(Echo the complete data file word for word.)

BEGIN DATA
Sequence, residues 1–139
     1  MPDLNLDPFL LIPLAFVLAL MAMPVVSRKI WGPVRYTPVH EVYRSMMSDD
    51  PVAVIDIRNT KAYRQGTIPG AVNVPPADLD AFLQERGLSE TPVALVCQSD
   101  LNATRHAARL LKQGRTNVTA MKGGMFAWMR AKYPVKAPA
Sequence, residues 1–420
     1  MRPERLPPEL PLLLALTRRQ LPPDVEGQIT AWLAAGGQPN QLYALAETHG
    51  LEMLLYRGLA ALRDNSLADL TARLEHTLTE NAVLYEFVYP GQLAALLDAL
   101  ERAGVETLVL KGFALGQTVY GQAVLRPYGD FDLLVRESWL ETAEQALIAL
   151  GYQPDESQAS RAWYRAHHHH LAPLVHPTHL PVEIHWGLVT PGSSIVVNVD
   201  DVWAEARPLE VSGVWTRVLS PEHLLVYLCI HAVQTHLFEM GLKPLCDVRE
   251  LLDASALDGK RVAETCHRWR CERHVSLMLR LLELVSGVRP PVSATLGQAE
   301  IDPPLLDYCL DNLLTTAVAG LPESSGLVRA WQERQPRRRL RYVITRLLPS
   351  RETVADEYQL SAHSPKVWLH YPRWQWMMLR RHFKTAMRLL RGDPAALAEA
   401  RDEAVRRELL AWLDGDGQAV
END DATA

Sequence, residues 1–139
     1  MPDLNLDPFL LIPLAFVLAL MAMPVVSRKI WGPVRYTPVH EVYRSMMSDD
    51  PVAVIDIRNT KAYRQGTIPG AVNVPPADLD AFLQERGLSE TPVALVCQSD
   101  LNATRHAARL LKQGRTNVTA MKGGMFAWMR AKYPVKAPA
Sequence, residues 1–420
     1  MRPERLPPEL PLLLALTRRQ LPPDVEGQIT AWLAAGGQPN QLYALAETHG
    51  LEMLLYRGLA ALRDNSLADL TARLEHTLTE NAVLYEFVYP GQLAALLDAL
   101  ERAGVETLVL KGFALGQTVY GQAVLRPYGD FDLLVRESWL ETAEQALIAL
   151  GYQPDESQAS RAWYRAHHHH LAPLVHPTHL PVEIHWGLVT PGSSIVVNVD
   201  DVWAEARPLE VSGVWTRVLS PEHLLVYLCI HAVQTHLFEM GLKPLCDVRE
   251  LLDASALDGK RVAETCHRWR CERHVSLMLR LLELVSGVRP PVSATLGQAE
   301  IDPPLLDYCL DNLLTTAVAG LPESSGLVRA WQERQPRRRL RYVITRLLPS
   351  RETVADEYQL SAHSPKVWLH YPRWQWMMLR RHFKTAMRLL RGDPAALAEA
   401  RDEAVRRELL AWLDGDGQAV